Outside linebacker Aaron Patrick tore his ACL during overtime of the Monday Night Football game against the Chargers in a freak play that happened on punt coverage after the play ended on the sidelines.
DeAndre Carter had just received the ball on a punt and was running out of bounds near the 10-yard line. Patrick caught up just as Carter was going out of bounds and cut under the receiver to run past.
Patrick collided with the “Green Hat” — a term for the network liaison that monitors TV timeouts - before both tumbled onto the ground.
The knee injury knocked Patrick out of the remaining moments of the game, and a follow-up MRI revealed the torn ligaments.
Now Patrick is suing a host of organizations for creating the situation that led to his injury.
In the lawsuit filed Tuesday in California Superior Court against the NFL, Chargers, Rams ownership group and ESPN, the second-year linebacker claims he collided with an improperly positioned TV liaison just before pushing Carter out of bounds. The suit claims that Patrick’s momentum carried him off the field, where he stepped awkwardly on mats placed to cover wires for the TV replay system before tumbling into the TV liaison.
Aaron Patrick’s agent, Lamont Smith, said via text: “I was very disturbed about the way the injury occurred with the carpet being on the sideline like that. His cleat got lodged in the carpet trying to avoid the media person.” https://t.co/PnR8tEEs8z— Tom Pelissero (@TomPelissero) October 18, 2022
The suit seeks an unspecified amount for money lost due to missing the rest of the season plus compensation for the lost opportunity to earn bonuses and cover medical expenses, plus damages for his pain and suffering.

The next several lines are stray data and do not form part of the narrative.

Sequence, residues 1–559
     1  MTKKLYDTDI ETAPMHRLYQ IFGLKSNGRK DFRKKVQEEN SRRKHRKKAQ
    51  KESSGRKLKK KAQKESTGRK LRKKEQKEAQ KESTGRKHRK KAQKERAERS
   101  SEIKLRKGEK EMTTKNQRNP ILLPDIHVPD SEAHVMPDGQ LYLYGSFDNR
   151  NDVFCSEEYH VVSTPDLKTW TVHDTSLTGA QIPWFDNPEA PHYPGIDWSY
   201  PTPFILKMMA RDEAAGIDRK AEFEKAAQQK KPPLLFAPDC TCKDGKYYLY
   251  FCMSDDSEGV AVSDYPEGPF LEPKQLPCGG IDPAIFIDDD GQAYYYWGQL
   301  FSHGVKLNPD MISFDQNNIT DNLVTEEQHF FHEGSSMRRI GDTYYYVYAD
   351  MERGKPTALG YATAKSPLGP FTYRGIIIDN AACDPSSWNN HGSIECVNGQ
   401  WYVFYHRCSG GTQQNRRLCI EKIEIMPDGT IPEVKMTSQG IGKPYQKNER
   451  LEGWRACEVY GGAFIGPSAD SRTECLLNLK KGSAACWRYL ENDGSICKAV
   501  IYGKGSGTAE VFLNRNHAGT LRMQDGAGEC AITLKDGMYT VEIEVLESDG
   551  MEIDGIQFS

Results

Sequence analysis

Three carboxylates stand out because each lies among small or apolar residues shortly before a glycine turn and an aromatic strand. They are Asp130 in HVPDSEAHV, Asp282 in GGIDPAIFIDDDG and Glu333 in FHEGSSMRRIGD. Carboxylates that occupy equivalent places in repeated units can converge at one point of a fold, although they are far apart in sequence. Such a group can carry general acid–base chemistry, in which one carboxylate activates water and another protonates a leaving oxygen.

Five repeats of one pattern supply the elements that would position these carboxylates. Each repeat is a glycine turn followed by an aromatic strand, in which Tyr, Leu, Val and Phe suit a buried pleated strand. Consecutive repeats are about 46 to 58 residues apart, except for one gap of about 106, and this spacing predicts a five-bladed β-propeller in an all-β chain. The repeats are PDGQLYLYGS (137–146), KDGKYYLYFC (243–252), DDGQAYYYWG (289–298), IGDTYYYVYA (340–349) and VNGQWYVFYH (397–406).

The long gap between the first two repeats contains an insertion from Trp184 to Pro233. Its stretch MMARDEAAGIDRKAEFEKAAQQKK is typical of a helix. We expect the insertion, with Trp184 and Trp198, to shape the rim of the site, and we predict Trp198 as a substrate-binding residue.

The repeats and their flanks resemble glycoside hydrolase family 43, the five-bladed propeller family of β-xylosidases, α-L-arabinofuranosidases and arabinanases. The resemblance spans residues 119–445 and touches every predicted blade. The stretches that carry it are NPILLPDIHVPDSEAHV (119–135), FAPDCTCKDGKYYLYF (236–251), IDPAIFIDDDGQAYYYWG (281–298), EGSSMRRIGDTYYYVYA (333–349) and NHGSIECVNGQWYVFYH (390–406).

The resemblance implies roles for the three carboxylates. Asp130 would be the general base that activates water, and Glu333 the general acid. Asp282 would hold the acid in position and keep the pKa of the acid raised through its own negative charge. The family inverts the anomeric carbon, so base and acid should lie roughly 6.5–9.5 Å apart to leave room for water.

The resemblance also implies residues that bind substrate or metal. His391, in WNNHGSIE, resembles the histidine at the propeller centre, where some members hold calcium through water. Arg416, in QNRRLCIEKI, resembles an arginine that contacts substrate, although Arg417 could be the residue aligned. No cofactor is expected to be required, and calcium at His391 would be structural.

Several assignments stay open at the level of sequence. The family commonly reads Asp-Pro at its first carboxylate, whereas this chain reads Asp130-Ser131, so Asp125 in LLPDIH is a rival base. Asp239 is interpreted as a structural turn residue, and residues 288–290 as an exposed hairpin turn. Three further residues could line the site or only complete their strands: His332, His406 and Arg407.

Patrick’s attorney, William Berman, noted in the press release that the NFL is a billion-dollar enterprise that should be more interested in player safety than it is demonstrating.
“Player safety should be the foremost of importance to the NFL and its owners,” Berman said. “As for Patrick’s injuries, Sofi Stadium should have the state-of-the-art equipment to protect for player safety, and not use the type of $100 mats that you would expect to see in a restaurant kitchen.”
Former Heisman Trophy winner Reggie Bush won a similar lawsuit in 2018 after he slipped on a concrete slab while running out of bounds on a punt return at Edwards Jones Dome in St. Louis in 2015.
The fall caused a tear in his left meniscus, and the Niners running back missed the remainder of the season. A jury awarded Bush a $12.45 million settlement against the St. Louis Rams.
Player safety is an on-going issue between the league, owners and the players. Aaron Rodgers voiced his displeasure over conditions of field with synthetic turf and scoffed that anything would change. Though he would like the NFL to switch to all grass surfaces.
“I don’t have a lot of confidence when it comes to the league making that decision without some sort of big vote and gripes from certain owners who don’t want to spend the money,” Rodgers said, adding that the NFL “would be putting your money where your mouth is if player safety is important.”
Broncos’ kicker Brandon McManus noted in a tweet that the NFL will change its turf stadiums to grass when the FIFA World Cup comes to the United States in 2026 - but won’t do it now for its own players.
When the 2026 FIFA World Cup comes to the US, our NFL stadiums with turf will convert to grass. Why? Because grass is a much safer playing surface. But for us, their own players, they want us to compete on inferior surfaces. #SaferFields— Brandon McManus (@thekidmcmanus) November 12, 2022